I adore the internet but I’m not a phone person – essay in Live Encounters Poetry & Writing

A few weeks ago, Mark Ulyseas asked me to contribute to his poetry and writing magazine, Live Encounters (Mark has an adventurous history as a ghostwriter, advertising copywriter, newspaper columnist, photographer, traveller, author and he wears a great hat).

To begin with, I didn’t have a clue what I’d write about, but a contribution in the March issue caught my eye: My Phone, My Life by photographer Jill Gocher.

Aha, I thought. I do have something to say. With full respect to Jill, whose photos are enchanting, here it is. Although I adore the internet, I am Not A Phone Person.

In the piece, I mention a conversation with a friend, Caroline. When she read the article she said: ‘You missed out the part where I was banging my fist on the table and shrilly screaming “When I win the lottery I will buy you a smartphone and MAKE you use it!” ‘

Maybe you’re a phone person, maybe you’re not. Anyway, if you want to join the conversation, the piece is here and you can comment (like Caroline or not) here!

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  1. #1 by DRMarvello on April 2, 2019 - 4:42 pm

    The line I loved was this one: “If the internet city never slumbers, I’ll make my own night.”

    I understand completely. I spend the bulk of my work day on my computer, but whether or not I’m on the Internet is something I can control by simply opening or shutting the browser. The ability to concentrate has always been one of my strengths, and it’s one I treasure. To quote Firefly, it “damages my calm” to operate in interrupt mode where every contact generates a beep or visual cue. I don’t understand how people can think through the connectedness din.

    My wife and I chose to live rural so we could remain connected to nature. Daily, we take our dogs for a 1.5 mile walk (today it will be 3 miles) at lunchtime. We pass exactly one house on our typical route. The additional 1.5 miles we’ll walk today goes across State Trust Land, which is completely undeveloped with nothing to distract us but wildlife and an occasional cow. It’s unlikely that we’ll see even a single vehicle during the entire 1-hour walk.

    As for phones, I have a dimphone as well. My phone is what is now termed a “flip phone” that cost me about $20 at a big box store. I use a pay-as-you-go service through TracFone. The service plan I recently bought for $142 covers two years and gives me about 1,600 minutes of talking time–way more than I’ll use. That’s about $6/mo for mobile phone service. When I hear how much people are willing to pay for the latest Internet-connected smartphone and a service plan, I wonder how they manage to feed themselves.

    • #2 by Roz Morris @Roz_Morris on April 3, 2019 - 6:08 am

      And I love this line of yours: ‘how can people think through the connectedness din’.
      I also find nature an essential getaway – as you know because of my liking for horses (actually Lifeform Three tackles many of these themes, how we’re becoming more like machines and algorithms ourselves).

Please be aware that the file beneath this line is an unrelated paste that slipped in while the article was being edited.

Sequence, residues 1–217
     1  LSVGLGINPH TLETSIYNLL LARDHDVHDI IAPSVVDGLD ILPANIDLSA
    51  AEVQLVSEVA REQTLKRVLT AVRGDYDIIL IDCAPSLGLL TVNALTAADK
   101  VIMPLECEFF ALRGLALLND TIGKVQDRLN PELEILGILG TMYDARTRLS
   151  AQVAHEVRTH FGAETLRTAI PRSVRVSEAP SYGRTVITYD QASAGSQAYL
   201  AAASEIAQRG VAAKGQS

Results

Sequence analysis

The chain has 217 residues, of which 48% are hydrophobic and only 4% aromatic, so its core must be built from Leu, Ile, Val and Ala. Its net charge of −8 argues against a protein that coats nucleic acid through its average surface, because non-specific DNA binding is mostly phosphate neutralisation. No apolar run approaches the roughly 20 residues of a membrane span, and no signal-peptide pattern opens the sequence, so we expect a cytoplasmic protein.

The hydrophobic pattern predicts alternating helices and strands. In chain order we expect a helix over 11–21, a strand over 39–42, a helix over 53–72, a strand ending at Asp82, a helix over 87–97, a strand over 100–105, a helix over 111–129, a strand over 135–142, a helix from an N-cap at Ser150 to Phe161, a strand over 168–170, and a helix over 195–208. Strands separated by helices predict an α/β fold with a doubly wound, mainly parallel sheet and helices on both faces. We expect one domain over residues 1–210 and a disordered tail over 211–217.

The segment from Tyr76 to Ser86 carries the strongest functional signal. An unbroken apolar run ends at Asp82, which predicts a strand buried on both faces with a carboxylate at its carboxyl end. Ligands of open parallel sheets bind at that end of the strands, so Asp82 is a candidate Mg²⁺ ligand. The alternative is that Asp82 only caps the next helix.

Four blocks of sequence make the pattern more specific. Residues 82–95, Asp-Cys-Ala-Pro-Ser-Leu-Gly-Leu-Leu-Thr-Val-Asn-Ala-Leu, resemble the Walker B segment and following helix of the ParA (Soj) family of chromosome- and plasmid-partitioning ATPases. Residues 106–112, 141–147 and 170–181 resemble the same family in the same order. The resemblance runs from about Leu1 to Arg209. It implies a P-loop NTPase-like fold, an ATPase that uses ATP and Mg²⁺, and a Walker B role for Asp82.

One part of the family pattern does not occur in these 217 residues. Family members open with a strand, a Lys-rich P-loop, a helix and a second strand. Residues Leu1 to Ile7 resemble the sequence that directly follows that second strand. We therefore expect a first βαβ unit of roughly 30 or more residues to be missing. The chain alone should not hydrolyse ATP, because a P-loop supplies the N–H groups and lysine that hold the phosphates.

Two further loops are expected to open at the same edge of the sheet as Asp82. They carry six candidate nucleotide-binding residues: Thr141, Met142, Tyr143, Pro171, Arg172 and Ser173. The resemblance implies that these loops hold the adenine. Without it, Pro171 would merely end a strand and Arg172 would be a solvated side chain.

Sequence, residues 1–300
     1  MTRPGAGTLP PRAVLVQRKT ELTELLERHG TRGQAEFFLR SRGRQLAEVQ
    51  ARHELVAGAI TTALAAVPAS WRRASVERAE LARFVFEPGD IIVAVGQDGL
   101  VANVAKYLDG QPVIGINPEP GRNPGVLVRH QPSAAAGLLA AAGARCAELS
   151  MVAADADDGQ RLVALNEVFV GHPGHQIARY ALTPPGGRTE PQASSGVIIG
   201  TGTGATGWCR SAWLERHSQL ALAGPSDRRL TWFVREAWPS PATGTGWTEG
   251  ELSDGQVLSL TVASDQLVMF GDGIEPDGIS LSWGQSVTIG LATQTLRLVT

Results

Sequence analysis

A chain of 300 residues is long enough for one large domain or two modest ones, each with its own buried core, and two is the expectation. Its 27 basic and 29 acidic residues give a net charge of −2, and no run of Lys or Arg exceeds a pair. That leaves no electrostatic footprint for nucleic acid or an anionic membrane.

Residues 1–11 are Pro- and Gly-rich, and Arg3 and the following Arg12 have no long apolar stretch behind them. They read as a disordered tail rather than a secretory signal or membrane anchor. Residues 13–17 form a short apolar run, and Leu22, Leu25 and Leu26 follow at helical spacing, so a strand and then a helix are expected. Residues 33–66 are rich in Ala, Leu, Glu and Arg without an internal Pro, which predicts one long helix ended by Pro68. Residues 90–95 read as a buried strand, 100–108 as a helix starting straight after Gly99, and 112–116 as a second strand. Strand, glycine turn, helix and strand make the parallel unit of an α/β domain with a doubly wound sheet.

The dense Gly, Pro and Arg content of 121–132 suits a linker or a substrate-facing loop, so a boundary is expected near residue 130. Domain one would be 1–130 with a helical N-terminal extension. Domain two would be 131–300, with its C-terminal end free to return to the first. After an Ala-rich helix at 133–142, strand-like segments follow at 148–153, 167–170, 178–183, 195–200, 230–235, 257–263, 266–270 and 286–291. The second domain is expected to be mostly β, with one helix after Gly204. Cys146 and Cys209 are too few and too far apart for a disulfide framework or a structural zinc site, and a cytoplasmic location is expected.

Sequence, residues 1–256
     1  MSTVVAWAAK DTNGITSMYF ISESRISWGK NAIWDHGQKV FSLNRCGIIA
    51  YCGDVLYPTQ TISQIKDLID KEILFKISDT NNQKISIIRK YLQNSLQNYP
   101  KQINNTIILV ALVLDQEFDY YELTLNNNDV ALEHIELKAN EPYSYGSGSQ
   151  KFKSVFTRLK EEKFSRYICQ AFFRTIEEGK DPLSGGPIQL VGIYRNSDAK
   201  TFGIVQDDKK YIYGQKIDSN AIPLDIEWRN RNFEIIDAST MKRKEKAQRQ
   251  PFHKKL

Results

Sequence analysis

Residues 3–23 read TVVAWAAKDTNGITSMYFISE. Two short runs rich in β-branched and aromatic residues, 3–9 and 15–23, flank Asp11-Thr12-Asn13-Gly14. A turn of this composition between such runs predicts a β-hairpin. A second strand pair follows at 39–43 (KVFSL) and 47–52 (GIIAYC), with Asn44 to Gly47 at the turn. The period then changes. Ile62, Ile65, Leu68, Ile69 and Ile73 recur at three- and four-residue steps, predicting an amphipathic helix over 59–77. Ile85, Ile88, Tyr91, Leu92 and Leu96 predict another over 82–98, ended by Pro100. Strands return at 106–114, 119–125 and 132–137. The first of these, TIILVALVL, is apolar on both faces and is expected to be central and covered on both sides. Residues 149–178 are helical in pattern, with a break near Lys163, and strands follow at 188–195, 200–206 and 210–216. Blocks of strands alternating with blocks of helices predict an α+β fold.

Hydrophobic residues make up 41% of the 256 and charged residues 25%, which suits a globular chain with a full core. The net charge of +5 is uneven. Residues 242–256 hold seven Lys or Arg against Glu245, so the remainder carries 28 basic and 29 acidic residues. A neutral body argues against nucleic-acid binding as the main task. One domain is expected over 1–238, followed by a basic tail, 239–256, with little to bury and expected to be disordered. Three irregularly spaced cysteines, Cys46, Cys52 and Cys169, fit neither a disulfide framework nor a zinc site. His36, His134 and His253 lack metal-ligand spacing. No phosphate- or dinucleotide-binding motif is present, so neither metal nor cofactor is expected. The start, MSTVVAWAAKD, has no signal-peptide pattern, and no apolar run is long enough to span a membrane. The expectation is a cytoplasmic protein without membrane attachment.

It’s funny you should mention talk plans. Our landline and internet is with BT and they phoned yesterday, trying to get us to buy a mobile plan. ‘How much do you spend per month on mobiles?’ they said.
      ‘About 20-30p,’ replied Dave.
      Disbelieving repetition, at high volume. ’20-30 PENCE???’

  2. #3 by dgkaye on April 2, 2019 - 11:38 pm

    Lol, I loved your story Roz. Some people keep their phones attached like appendages. My husband has an older phone which I don’t even think they make anymore – a flip phone lol. Ya, he takes a lot of flack in jest, but he quite a senior and went through life missing out on the computer era. He doesn’t even text – just reachable by phone call LOL 🙂

    • #4 by Roz Morris @Roz_Morris on April 3, 2019 - 6:03 am

      Ho ho, Debby – those flip phones are still made! That’s the kind I’ve got!

      • #5 by dgkaye on April 3, 2019 - 2:52 pm

        Lollllllllll I knew it!!!!! 🙂 🙂 🙂

  3. #6 by Marialena Gallagher on April 6, 2019 - 4:11 pm

    Personally, I don’t really remember life before my iPhone. My mother says I’m addicted to it, but I beg to differ. I just use it a lot more. Most – if not all – of my music is on it, and of course, music helps inspire my writing. Plus, music helps me calm down when my anxiety flares up.

    So my phone is important to me.

    • #7 by Roz Morris @Roz_Morris on April 6, 2019 - 5:02 pm

      Hi Marialena! I think yours is the more usual – normal – way, whatever your mother might think!

      • #8 by Marialena Gallagher on April 6, 2019 - 5:06 pm

        It’s nice to know I’m not crazy, haha. I’ve definitely learned my lessons about when it’s appropriate to use my phone. As long as I know that, who cares how much I use it?

      • #9 by Marialena Gallagher on April 6, 2019 - 9:06 pm

        It might just be that my mother grew up in the Time Before Cell Phones, so when she sees me using my iPhone as much as I do, she thinks it’s excessive because she doesn’t use her phone that much.

  4. #10 by tracikenworth on April 6, 2019 - 11:51 pm

    Reblogged this on Loleta Abi.

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